"The information people give out on Facebook, when linked up with other information
freely available on the internet, is an absolute goldmine for criminals," the Daily Mail
quoted Michael Fraser, a reformed burglar who presents the BBC's 'Beat The Burglar' programme, as saying.
"One year, you might have a party and give out your address. A while later, you might tell everyone that it is your 30th birthday.
"So, if you've accepted me as a friend of a friend, I know your name, your address and your birth date.
"From that, I can go to 192.com and on there I can find out what you do for a living, how much your home is worth - and whether you're likely to be worth burgling.
"I might have already made up my mind because you've posted party pictures on Facebook and I can see what kind of valuables you have in the house - and which rooms they're in. Then you go and tell your Facebook friends how much you're looking forward to going on holiday next Tuesday.
"I can go on to Google Street View and see actual photographs of your home. I can see if you have a burglar alarm, or whether there are any bushes in the garden to hide in. And I can see all the alleyways I can escape down. And, of course, I know you won't be at home.
"Once you accept a stranger into your Facebook account, they can begin what we call social engineering - delicately asking questions to build up information about you,' said Jason Hart, senior vice president of CRYPTOCard Network Security.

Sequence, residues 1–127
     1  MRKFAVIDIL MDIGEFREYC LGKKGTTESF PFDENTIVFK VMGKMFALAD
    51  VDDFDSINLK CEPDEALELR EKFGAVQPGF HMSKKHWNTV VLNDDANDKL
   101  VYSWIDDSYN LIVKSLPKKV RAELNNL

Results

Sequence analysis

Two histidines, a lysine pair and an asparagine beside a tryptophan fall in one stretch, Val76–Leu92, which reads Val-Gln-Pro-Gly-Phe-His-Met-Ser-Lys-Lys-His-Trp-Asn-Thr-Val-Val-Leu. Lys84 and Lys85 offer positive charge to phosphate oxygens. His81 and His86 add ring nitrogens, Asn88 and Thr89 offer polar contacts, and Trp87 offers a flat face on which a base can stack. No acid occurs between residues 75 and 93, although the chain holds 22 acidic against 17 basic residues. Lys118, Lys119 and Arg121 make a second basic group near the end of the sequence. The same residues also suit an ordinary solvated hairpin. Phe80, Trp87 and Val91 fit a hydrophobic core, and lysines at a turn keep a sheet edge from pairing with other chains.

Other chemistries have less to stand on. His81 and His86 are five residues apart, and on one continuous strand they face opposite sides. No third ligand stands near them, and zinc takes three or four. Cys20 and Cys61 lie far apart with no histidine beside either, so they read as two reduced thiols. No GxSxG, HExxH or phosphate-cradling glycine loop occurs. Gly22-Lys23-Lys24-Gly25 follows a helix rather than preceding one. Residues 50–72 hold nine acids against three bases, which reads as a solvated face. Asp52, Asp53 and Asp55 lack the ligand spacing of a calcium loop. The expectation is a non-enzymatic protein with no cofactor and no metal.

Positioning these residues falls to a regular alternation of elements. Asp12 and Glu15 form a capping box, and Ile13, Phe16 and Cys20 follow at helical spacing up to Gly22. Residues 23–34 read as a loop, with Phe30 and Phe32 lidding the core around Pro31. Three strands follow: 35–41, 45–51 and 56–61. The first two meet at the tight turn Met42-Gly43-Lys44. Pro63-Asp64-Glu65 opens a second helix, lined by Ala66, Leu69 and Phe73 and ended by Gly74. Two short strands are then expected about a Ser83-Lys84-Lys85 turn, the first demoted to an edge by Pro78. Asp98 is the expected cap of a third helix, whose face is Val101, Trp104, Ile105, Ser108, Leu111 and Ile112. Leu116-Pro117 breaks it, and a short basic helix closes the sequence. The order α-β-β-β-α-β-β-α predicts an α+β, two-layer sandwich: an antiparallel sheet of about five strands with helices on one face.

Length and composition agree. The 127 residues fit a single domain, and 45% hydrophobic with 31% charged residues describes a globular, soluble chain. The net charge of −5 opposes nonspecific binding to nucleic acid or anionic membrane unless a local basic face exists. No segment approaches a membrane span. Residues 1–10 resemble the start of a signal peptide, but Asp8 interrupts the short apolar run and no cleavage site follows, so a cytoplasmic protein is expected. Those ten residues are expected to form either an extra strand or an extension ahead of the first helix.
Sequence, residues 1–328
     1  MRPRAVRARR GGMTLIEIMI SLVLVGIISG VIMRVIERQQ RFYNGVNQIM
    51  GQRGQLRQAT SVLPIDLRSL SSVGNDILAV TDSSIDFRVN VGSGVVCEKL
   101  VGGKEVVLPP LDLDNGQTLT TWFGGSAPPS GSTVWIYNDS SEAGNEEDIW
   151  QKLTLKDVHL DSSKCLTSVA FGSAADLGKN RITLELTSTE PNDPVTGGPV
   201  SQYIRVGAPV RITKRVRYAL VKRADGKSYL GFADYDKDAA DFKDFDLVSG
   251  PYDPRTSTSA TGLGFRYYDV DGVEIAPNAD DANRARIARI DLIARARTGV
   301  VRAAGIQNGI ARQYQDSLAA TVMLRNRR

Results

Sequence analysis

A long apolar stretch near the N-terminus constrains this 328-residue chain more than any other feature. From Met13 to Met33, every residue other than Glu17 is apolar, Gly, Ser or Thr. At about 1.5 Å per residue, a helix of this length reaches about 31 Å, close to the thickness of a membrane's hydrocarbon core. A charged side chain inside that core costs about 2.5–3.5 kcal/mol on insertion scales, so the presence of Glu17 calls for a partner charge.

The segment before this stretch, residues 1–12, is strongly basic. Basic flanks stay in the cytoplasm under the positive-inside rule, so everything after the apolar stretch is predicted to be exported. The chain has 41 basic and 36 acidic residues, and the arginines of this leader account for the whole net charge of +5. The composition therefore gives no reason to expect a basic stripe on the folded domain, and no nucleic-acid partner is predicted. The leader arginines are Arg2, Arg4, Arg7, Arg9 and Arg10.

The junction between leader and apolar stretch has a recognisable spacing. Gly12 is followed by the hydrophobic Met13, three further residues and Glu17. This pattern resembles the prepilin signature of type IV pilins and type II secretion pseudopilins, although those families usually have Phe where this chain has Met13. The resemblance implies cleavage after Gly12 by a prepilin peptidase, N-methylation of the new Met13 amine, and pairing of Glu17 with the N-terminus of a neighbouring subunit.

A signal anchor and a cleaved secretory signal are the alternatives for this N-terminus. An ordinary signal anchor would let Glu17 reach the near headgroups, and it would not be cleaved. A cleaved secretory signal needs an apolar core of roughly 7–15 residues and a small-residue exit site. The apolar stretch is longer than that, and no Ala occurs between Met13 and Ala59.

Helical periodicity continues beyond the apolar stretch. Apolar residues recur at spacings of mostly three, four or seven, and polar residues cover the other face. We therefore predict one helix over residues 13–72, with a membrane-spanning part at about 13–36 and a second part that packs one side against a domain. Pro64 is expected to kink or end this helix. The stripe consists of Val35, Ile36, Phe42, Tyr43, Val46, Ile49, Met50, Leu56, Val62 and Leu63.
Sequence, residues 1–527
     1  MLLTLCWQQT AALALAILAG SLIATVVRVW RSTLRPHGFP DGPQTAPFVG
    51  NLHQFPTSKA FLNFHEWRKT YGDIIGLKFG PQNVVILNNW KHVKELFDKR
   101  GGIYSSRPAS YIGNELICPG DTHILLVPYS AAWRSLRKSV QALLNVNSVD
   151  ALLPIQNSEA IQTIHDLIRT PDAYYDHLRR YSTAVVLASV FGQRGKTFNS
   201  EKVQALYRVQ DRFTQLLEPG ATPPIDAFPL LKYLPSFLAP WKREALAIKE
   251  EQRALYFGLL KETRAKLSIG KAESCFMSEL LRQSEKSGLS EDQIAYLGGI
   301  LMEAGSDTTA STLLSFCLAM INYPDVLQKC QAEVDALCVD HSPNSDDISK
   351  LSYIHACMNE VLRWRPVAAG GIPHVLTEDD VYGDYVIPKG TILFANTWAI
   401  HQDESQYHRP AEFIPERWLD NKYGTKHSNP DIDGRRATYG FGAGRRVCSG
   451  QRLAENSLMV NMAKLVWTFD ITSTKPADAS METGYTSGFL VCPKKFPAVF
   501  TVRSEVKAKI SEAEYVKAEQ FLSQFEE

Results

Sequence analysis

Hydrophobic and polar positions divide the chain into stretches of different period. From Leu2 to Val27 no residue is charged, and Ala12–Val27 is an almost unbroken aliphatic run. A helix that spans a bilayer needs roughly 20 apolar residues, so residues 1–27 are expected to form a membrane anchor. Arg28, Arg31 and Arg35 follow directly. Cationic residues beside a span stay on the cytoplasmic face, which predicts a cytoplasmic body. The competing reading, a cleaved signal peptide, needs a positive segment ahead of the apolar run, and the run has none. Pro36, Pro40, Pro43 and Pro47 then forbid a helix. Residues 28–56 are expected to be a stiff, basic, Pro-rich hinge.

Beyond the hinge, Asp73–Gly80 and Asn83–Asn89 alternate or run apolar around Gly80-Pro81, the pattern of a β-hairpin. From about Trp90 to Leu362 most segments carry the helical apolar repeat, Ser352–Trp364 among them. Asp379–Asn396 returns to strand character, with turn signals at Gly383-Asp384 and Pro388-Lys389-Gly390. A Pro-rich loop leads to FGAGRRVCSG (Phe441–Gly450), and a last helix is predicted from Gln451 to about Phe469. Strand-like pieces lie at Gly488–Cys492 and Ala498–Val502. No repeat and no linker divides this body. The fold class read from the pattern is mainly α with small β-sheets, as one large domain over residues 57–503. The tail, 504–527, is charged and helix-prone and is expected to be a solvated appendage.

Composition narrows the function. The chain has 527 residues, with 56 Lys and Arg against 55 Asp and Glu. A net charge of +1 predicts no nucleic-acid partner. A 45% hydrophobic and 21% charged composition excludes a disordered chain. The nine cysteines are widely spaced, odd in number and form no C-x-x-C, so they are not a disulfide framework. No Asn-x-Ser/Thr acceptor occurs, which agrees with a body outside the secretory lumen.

"And that can cause havoc. Let's say they got your email address, then they could go to your email account pretending to be you and saying you have forgotten your password.
"Once they have that secret information, the email account will let them in. And once they are in there, they can find lots of sensitive information, such as your Amazon and eBay account history.
"They can then go to those sites pretending to be you and saying you have lost your passwords, and guess what happens then?
"Those sites send the passwords to your email account - the one that they have already conned their way into.
"Crooks who do this usually use the credit card details you have stored there to buy online gift vouchers that can be traded on the internet. It is a form of instant currency.
"Even worse, if you have a PayPal account and have credit in it, your so-called friend could clean it out.
"Effectively, they have become an electronic version of you, they can change all your passwords and begin stealing from you.